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Proc Natl Acad Sci U S A. Apr 12, 1994; 91(8): 3378–3382.

Truncation mutants define and locate cytoplasmic barriers to lateral mobility of membrane glycoproteins.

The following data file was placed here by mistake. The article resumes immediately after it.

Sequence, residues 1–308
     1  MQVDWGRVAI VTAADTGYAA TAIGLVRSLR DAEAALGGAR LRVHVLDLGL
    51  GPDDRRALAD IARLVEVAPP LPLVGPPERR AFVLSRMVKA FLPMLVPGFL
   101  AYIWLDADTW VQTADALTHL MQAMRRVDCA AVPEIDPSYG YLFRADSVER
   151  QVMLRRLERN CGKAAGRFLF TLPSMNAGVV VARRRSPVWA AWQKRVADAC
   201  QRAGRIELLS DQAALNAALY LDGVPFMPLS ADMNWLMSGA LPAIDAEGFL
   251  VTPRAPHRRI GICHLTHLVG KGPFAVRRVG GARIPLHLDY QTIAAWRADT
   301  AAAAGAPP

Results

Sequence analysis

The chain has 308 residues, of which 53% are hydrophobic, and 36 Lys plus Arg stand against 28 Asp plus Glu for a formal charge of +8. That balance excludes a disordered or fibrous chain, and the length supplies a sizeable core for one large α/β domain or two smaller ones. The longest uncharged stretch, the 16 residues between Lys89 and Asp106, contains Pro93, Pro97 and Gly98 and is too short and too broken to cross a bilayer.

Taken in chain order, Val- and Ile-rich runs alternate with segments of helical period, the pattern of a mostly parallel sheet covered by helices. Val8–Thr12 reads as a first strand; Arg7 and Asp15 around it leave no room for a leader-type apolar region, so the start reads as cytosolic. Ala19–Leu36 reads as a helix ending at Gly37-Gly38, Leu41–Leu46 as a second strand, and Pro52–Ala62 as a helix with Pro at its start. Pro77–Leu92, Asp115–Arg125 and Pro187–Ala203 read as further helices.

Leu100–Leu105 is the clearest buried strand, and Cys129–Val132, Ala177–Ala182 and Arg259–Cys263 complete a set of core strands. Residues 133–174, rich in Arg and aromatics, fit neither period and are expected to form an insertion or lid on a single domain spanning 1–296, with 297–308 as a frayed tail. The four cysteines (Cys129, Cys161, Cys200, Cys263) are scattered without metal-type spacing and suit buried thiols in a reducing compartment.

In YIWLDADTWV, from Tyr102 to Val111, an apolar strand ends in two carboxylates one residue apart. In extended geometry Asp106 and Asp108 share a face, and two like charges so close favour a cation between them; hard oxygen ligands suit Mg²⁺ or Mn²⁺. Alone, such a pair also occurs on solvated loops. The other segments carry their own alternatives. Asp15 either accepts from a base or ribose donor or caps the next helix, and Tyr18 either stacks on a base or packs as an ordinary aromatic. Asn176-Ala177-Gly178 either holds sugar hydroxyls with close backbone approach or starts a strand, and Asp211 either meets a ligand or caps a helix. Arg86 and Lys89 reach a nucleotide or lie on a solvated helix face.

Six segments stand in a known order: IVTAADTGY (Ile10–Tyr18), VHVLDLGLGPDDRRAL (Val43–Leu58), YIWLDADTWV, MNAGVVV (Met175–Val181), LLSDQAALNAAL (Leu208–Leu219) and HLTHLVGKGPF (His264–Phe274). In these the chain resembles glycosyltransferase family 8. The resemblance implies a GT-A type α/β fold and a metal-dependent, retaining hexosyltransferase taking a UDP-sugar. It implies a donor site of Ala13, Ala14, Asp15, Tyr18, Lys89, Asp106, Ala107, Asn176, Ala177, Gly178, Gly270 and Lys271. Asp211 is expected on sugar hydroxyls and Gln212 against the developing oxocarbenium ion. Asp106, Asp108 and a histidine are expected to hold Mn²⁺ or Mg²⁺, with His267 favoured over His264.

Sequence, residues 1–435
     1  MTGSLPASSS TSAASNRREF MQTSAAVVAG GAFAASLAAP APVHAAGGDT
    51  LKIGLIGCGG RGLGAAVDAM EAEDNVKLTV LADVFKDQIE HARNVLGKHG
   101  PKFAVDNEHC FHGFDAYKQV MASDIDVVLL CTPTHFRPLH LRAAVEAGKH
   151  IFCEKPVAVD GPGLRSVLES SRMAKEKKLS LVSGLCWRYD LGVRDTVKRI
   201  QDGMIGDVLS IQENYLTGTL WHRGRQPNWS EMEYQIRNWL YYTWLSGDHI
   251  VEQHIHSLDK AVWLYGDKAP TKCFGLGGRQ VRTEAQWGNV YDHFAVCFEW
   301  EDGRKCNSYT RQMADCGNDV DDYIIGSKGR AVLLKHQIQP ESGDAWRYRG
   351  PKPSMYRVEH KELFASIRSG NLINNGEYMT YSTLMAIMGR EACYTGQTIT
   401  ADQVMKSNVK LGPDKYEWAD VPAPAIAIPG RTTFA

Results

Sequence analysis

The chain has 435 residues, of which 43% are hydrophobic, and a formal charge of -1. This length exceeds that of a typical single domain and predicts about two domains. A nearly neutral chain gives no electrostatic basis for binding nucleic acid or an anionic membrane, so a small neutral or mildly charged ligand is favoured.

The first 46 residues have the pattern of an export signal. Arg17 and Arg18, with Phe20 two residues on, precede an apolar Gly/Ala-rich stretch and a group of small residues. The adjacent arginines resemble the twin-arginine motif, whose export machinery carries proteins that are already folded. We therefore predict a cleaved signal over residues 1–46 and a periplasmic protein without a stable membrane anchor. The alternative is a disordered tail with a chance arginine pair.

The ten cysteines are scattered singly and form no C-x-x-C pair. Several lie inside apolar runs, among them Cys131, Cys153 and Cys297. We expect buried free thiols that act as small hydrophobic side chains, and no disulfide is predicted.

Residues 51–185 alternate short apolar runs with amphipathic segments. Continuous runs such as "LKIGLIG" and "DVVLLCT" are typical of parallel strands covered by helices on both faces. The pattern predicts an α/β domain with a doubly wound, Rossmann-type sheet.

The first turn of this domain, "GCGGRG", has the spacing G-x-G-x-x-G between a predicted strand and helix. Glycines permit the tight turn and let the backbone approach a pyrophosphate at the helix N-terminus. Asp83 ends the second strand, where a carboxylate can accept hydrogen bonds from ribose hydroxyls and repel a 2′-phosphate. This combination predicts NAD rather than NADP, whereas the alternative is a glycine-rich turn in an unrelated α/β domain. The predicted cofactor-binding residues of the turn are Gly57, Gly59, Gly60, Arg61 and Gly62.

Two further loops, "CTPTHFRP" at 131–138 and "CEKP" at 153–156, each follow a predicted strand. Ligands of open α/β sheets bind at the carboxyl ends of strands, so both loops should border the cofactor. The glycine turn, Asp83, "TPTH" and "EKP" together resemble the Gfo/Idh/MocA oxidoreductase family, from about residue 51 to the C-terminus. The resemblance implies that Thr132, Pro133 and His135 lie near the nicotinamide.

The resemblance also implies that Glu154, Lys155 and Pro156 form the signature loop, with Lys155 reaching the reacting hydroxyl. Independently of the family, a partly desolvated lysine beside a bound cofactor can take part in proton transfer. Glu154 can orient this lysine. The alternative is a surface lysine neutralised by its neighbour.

The lateral mobility of cell membrane glycoproteins is often restricted by dynamic barriers. These barriers have been detected by measurements of fluorescence photobleaching and recovery (FPR) and barrier-free path (BFP). To define the location and properties of the barriers, we compared the lateral mobility, measured by FPR and BFP, of wild-type class I major histocompatibility complex (MHC) membrane glycoproteins with the lateral mobility of mutant class I MHC glycoproteins truncated in their cytoplasmic domains. Mutants with 0 or 4 residues in the cytoplasmic domain were as mobile as lipid-anchored class I MHC molecules, molecules whose lateral mobility is relatively unrestricted by barriers. In contrast, mobility of class I MHC molecules with 7-residue cytoplasmic domains was as restricted as mobility of class I molecules with full-length, 31-residue cytoplasmic domains. Though some of the difference between the mobilities of mutants with 4- or 0-residue domains and the other class I molecules may be due to differences in the net charge of the cytoplasmic domain, FPR measurements of the mobility of molecules with 7-residue domains show that length of the cytoplasmic domain has an important influence on the lateral mobility. Model calculations suggest that the barriers to lateral mobility are 2-3 nm below the membrane bilayer.

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